“Walt Disney World is currently testing new facial recognition technology for park entry at Magic Kingdom. In this post, we’ll share photos and video of our experience with the new contactless tech, thoughts on Big Brother fears & privacy concerns, and more.”
“As part of an ongoing effort to enhance the arrival experience for guests at the entrance to Magic Kingdom Park, we have relocated some of our bag checks and metal detectors to the Transportation and Ticket Center and the monorail stations at Disney’s Contemporary Resort, Disney’s Grand Floridian Resort & Spa and Disney’s Polynesian Village Resort“ said Disney spokeswoman Rebecca Peddle.”
“From what I have heard over the next year Disney is going to implementing new security measures to all of their theme parks entrances. Early reports state that we will be seeing airport style security scanners, hand-held wand scanners, and more uniformed Police presences with K-9 units,” blogger Anonymouse said.
According to a Walt Disney World announcement, Magic Kingdom will be using facial recognition to ID guests between March 23 and April 23, 2021.
“At Walt Disney World Resort, we’re always looking for innovative and convenient ways to improve our Guests’ experience—especially as we navigate the impact of COVID-19.”
“The technology we’re testing captures an image of a Guest’s face and converts it into a unique number, which is then associated with the form of admission being used for park entry.”
Nothing says ‘improving a guest’s experience’ quite like using facial recognition to track their movement’s.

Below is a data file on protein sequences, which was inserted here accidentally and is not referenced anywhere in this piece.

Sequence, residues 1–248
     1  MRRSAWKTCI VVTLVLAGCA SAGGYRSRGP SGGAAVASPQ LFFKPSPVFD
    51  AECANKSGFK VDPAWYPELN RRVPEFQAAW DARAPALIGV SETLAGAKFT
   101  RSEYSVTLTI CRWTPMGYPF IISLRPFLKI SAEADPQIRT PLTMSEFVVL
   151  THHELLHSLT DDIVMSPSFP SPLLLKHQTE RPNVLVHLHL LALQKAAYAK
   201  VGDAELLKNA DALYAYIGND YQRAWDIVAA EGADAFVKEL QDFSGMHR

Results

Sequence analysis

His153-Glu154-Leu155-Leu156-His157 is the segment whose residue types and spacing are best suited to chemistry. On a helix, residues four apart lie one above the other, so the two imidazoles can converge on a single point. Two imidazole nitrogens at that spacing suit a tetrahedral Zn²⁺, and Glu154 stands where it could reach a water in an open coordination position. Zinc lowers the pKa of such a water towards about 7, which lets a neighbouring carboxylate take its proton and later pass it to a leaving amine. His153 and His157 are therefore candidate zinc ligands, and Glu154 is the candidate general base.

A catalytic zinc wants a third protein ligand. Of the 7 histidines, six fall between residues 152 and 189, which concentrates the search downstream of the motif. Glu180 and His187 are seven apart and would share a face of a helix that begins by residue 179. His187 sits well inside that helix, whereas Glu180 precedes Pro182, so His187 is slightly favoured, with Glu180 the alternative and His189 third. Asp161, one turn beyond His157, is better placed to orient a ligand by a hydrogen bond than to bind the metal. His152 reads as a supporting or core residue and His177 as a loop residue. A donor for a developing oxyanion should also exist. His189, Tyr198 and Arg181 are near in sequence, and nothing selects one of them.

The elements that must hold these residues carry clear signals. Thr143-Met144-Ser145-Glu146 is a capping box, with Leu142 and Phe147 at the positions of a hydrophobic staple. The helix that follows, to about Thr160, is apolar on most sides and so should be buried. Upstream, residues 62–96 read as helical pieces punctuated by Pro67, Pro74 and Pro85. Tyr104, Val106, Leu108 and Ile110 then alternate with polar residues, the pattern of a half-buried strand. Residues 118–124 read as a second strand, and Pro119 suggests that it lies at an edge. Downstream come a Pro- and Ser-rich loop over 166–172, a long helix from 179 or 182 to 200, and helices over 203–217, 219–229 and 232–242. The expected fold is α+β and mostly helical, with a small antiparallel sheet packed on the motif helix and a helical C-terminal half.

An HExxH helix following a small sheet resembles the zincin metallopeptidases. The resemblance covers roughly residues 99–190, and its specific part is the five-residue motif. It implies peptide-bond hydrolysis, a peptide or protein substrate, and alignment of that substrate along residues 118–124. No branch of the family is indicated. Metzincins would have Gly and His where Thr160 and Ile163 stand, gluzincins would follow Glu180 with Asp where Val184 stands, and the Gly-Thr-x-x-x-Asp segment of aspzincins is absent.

Walt Disney World’s claim that, “children under the age of 18 who wish to participate may do so with the consent and in the presence of a parent or guardian,” is somewhat misleading.
If a guest (child under 18) approaches a ride or walks through the park how does facial recognition not ID them or associate them with a parent? Facial recognition cameras do not automatically stop trying to ID people and children because they refused to participate. That is not how this technology works.
In 2017, the Universal Informer revealed that when Universal Orlando Resort “tested” facial recognition to ID guests, their facial recognition cameras automatically attempted to validate or ID every guest’s face.
“If you return to Magic Kingdom park during our limited-time test, consider entering using the same designated entry points. Re-entering through the same lanes helps us better understand how the technology works.”
“Facial recognition technology is fairly ubiquitous, and its utilization in public settings and at private businesses might surprise people. We don’t know the degree to which Walt Disney World is already using facial recognition, but sophisticated surveillance systems have been in place for years. Casual guests may not notice them, but there are cameras all over in the parks. It’s one of those things that once you start noticing them, you spot them everywhere.”
A recent announcement shows that Walt Disney World is changing its focus to making profits through the digital world
“Over the next year Disney will focus on providing a more seamless, personalized and franchise-focused ecommerce experience through its shopDisney platform which will be complemented by greater integration with Disney Parks apps and social media platforms. Disney Consumer Products, Games and Publishing includes the world’s leading licensing business; one of the largest children’s publishing brands globally; one of the largest licensors of games across platforms worldwide; and consumer products at retail around the world.”
As Variety revealed, Disney Plus is also raising their fees in the U.S. this Friday.
For a company valued at over $201 billion it appears that the last thing Walt Disney World cares about is public backlash over facial recognition.